With a 48-inch videoscreen running from door to door, the Byton M-Byte might seem like little more than a fantasy in chrome, but eight months after a concept version of the battery-electric vehicle made its debut at the Consumer Electronics Show, it is set to soon go into production.
The Chinese start-up is just one of many manufacturers displaying their wares this week at the Frankfurt Motor Show, the biggest European automotive event of the year. There are plenty of traditional, gas and diesel-powered vehicles on display, like the little Hyundai i10 and BMW’s ultimate performance machine, the M8. But just about everywhere you turn at the Frankfurt Messe, the city’s big convention complex, there are battery cars, whether hybrids, plug-ins or pure electric.
Byton is one of the start-ups displaying at Frankfurt and hoping to crack into the established automotive order. But traditional automakers like Audi, BMW, Hyundai, Mercedes-Benz and Volkswagen are also plugging in and showing off their own “electrified” offerings. Some are still in concept form, but others are getting ready to roll into showrooms around the world.
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One of the most eagerly awaited Frankfurt debuts was the production version of the Volkswagen ID.3. The company had already shown a concept model earlier this year and has been taking orders for months, VW claiming it has sold out the limited-run First Edition ID.3, priced at 40,000 euros, or around $44,100. It will follow with several other versions, including a base battery-car which, for less than 30,000 euros will get around 200 miles per charge. Another will extend that to 342 miles.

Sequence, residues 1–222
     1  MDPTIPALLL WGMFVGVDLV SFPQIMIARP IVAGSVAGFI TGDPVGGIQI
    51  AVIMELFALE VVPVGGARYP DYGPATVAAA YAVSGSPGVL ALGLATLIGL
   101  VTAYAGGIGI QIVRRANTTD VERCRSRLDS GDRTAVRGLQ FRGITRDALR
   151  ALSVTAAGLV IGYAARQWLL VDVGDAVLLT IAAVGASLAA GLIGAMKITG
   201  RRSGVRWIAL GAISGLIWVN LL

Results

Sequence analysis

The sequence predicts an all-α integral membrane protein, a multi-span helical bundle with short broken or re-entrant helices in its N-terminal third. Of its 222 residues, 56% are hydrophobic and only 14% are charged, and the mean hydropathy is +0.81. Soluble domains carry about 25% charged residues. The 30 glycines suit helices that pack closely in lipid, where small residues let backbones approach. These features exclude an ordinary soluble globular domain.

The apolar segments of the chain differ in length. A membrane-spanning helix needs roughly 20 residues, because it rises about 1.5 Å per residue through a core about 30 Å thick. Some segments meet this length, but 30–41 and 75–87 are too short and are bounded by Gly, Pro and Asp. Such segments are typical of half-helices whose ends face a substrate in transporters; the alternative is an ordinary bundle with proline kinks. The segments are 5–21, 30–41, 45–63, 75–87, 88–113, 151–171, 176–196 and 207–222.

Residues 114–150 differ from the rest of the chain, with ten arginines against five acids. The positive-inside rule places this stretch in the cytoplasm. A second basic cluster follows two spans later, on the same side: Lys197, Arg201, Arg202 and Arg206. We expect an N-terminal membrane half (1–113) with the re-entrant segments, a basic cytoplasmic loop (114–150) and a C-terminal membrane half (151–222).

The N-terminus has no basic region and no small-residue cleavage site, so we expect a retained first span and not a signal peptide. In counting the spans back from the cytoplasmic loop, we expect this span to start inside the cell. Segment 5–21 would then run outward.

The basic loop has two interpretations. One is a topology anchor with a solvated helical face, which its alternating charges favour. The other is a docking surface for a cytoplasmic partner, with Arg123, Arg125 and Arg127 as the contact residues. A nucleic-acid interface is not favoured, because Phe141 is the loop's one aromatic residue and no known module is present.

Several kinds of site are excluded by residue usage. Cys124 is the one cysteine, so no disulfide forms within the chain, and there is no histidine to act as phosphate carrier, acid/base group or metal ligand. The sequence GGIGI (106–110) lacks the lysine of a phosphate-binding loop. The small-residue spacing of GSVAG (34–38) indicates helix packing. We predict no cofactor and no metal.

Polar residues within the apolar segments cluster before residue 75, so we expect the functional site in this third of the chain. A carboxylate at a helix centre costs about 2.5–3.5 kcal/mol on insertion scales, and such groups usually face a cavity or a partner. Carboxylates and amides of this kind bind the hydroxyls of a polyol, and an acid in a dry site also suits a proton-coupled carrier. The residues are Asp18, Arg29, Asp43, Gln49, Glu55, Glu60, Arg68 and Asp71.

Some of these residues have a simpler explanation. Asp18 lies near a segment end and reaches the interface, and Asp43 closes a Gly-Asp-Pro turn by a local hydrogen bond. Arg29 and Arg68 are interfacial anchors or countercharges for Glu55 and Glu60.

For now, VW isn’t planning to bring what it calls an “electric car for the masses” to the U.S. market, but the underlying MEB “architecture” will serve as the platform for dozens of other all-electric models parent Volkswagen Group will sell through its various brands, including two that will go into production at VW’s Chattanooga, Tennessee assembly plant in just a couple years, starting with a battery-SUV.
Those various Volkswagen brands have staked out an extensive presence in Frankfurt. Audi not only is showing off its first long-range battery-car, the e-tron SUV already on sale in the U.S., but also revealing the AI:Trail Quattro. It’s a concept off-roader using four separate motors, one for each wheel, to enhance its grip, whatever trail it tackles. While the extreme exterior design suggests it’s purely a show car, Audi has been delivering some surprises of late. The audacious e-tron GT sports car that debuted at the Los Angeles Auto Show last November will return in production form in just a couple years.
Lamborghini, Volkswagen’s most extreme performance brand, is underscoring the way battery power is transforming every aspect of automotive design and engineering. While supercars traditionally rely on large-displacement engines, some are going all-electric – like the Pininfarina Battista that debuted earlier this year. Others are opting to use electric motors to assist their gas engines.